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Thailand's oldest hippo celebrates birthday with fruit and song

Prapan Chankaew

Reuters

Chonburi, Thailand  /  Wed, September 9, 2020  /  06:05 pm
Thailand's oldest hippo celebrates birthday with fruit and song

Thailand's oldest hippopotamus Mae Mali eats fruit during her 55th birthday party at Khao Kheow zoo in Chon Buri, Thailand, on September 8, 2020. (REUTERS/Soe Zeya Tun)

As children and other spectators sang to mark her 55th birthday, Thailand's oldest hippopotamus Mae Mali chomped on an assortment of fruit and vegetables arranged in the shape of a cake.

Mae Mali, which means "Mother Jasmine" in Thai, who moved to a compound at Khao Kheow Open Zoo in eastern Thailand two years ago from a zoo in Bangkok, and has already outlived a hippo's typical life expectancy of around 40 to 50 years old.

"Mae Mali is now a grandma. We have been taking great care of her regarding her health, food, and environment," said zoo director Attaporn Srihayrun.

Mae Mali gave birth to numerous calves, and her descendants now number 21 hippos residing in zoos across the Southeast Asian country.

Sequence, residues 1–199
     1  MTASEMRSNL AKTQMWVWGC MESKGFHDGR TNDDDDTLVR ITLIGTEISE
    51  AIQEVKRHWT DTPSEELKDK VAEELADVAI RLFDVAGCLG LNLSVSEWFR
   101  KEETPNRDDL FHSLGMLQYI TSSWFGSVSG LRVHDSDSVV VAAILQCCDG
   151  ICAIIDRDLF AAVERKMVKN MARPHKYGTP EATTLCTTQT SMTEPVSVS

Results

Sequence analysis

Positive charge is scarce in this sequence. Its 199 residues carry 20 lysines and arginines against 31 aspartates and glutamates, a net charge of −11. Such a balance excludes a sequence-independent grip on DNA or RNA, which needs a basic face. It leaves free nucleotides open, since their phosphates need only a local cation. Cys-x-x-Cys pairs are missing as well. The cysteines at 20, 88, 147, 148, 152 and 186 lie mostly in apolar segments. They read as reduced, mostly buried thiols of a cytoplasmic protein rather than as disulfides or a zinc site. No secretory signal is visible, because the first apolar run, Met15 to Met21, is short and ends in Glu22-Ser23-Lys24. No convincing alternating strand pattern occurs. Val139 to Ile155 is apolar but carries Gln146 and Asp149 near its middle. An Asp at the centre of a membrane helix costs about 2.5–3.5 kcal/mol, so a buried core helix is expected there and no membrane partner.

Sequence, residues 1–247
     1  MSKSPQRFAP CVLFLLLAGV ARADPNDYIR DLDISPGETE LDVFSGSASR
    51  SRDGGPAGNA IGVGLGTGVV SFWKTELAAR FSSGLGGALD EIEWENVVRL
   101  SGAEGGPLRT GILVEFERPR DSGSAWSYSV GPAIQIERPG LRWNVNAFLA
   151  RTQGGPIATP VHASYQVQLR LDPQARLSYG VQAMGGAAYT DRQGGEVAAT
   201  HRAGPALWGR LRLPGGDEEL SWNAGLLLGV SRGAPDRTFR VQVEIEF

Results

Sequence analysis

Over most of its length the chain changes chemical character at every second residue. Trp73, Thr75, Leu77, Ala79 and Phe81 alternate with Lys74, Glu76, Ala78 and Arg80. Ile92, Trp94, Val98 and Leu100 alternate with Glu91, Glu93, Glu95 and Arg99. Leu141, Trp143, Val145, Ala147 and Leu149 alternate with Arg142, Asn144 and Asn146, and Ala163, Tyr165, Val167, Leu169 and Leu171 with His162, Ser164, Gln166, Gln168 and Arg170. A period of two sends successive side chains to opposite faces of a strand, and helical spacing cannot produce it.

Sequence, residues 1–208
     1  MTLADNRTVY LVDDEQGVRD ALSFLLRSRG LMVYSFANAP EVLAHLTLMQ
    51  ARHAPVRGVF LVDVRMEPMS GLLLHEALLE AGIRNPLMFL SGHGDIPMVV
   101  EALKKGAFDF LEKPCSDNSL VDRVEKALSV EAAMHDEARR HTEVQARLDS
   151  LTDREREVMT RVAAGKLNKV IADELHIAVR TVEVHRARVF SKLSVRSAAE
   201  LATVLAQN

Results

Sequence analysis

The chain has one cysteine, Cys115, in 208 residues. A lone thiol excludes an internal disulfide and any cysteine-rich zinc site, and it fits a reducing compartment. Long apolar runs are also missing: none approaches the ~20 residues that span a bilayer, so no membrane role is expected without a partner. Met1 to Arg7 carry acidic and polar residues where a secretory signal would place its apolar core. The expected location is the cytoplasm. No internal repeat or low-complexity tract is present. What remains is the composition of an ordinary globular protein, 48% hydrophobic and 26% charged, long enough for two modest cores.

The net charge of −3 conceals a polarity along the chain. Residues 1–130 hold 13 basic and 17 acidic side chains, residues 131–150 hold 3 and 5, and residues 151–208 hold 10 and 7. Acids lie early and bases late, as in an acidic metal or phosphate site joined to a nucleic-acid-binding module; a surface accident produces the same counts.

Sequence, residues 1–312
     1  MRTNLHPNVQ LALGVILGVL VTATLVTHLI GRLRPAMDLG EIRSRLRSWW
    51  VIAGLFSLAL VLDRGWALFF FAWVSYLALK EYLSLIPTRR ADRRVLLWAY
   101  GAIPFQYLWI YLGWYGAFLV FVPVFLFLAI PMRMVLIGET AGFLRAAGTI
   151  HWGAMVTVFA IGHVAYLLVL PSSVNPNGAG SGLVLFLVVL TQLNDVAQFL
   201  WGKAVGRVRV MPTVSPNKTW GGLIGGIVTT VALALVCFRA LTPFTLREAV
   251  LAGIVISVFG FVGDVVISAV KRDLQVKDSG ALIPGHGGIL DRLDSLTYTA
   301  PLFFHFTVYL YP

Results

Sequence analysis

"Mae Mali cannot reproduce anymore because she's quite elderly. But we will still take great care of her so that she can become one of the longest living hippopotamus in the world," said Attaporn.

Read also: World's oldest captive alligator marks 83 years in Belgrade zoo

In the wild, the hippopotamus lives in rivers and lakes in sub-Saharan Africa and habitat loss means it's now considered vulnerable.

In the neighboring Philippines, Bertha, considered to be the oldest hippopotamus in captivity at the time, died in 2017, aged 65.

Another hippopotamus, Lucifer, or "Lu", is reported to have celebrated his 60th birthday at a wildlife park in the U.S. state of Florida in January this year.

With adults weighing from 1,500 kilograms up to 3,200 kilograms, the hippo is the second-heaviest land animal after the elephant, spending the heat of the day in the water and coming ashore at night to feed on grasses and fruit.

The World Wildlife Fund estimates there are around 115,000 to 130,000 left in the wild. 

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